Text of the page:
Being able to offer product variations gives you flexibility with your catalog, and your shoppers get more choices – that sounds pretty great, all around! It can, however, cause some confusion and bloating on your site. Our developers have created a way to display your product price ranges that won’t lead to overflowing categories, duplicate products, or confused shoppers.
The Difficulty with Product Variants
Variations in your products, or product variants as they are called in Miva, can produce a couple of challenges for both the store owner and the shopper. We’re going to use one of our clients, Boss Shot Shells, as an example to display the solution we’ve developed.
Our client wanted to offer two different case sizes for each of their products. Being able to offer their shot shells in cases of 20 or 200 would provide flexibility to the shopper, discounted pricing, and easier order fulfillment. The following are examples of issues that may arise when you try to offer something even as simple as 2 size options for one product.
Duplicating your products in order to offer multiple sizes can be extremely time consuming, depending on the size and variety of your products catalog. Not only is it a waste of your time resources, it also results in a more confusing shopping experience for the user, who now has to carefully inspect which product they’re looking at, to ensure they get the right one. If the difference isn’t immediately apparent, it could just look like you or your staff has made a silly error.
Even if you manage to differentiate between the multiple options clearly enough, you’ll be left with a product category that is exponentially larger than it needs to be. Seeing 10, 20, 50 pages of product results can be massively overwhelming to a shopper.
It can also kneecap your website’s capabilities. If your site is having to expend so much time and energy on loading the endless product pages, you could end up experiencing slower load time and space shortages. This could potentially inhibit the loading and response time of other important features, SEO rankings, and overall customer satisfaction.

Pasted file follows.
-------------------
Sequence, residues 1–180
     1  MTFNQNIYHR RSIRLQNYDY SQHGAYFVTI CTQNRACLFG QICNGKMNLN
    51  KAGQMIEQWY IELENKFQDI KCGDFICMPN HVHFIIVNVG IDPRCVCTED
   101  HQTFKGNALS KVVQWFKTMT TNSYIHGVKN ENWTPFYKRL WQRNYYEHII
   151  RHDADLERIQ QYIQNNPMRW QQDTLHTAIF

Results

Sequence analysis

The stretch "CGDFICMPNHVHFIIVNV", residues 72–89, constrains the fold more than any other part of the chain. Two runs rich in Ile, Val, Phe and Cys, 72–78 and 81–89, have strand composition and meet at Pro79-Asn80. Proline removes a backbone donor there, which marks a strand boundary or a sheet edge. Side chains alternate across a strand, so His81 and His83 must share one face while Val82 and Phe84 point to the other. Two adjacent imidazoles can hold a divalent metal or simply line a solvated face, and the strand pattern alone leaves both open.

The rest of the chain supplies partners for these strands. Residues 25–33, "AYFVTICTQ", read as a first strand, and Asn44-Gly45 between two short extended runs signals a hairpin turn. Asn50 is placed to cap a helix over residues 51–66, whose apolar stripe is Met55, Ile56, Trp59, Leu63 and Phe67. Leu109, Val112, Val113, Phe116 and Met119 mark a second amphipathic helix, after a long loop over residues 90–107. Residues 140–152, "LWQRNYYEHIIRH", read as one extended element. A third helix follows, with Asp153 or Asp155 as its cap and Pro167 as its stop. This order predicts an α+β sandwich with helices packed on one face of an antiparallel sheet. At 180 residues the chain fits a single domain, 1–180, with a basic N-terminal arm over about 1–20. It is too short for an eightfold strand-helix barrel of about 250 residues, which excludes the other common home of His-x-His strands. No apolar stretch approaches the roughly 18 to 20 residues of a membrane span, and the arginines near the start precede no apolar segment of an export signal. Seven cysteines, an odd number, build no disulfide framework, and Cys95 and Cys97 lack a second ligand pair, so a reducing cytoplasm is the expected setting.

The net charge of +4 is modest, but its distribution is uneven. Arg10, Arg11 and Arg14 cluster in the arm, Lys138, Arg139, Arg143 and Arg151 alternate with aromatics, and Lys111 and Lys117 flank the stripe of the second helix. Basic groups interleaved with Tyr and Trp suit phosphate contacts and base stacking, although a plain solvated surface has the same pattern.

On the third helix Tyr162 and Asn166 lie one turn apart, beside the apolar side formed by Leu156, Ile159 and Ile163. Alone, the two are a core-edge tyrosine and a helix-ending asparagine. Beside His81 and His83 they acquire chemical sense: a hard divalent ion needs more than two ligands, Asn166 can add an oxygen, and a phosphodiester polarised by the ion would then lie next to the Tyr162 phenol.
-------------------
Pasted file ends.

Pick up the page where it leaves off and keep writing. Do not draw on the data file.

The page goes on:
On the back-end of the site, you and your staff are going to have to deal with massive amounts of data. That will make everything harder from price updates, to inventory counts.
The solution, of course, is to simply offer those multiple options right on the primary product page. One product to rule them all, with size, color, or features as product variants.
Unfortunately, that can produce its own set of issues, primarily with the pricing. The new Miva 10.01 update does include dynamic pricing, which can be good. Your price will change when a variant is selected. Assuming you don’t have any other custom coding on your site that will interfere with that, the pricing on the product page, with a variant selected, will be just fine.
But what about before a variant is selected? And what about on the search result or category pages? Your customers may see a $0 price tag, or a price that doesn’t apply to the option they want.
That confusing pricing leads us to the most damaging side-effect of variant pricing: unexpected fees. The increase in price between a case of 20 shells and a case of 200 shells probably seems obvious to a lot of people. But any store owner knows that “obvious” isn’t always so obvious.
When a shopper is scrolling through your site and sees a price of $30, they already have that expectation of price in their mind while they select their variant options. Seeing that $30 price jump to $280 can cause some sticker shock, even if the $280 would otherwise seem totally reasonable to pay. The original seed of $30 has been planted.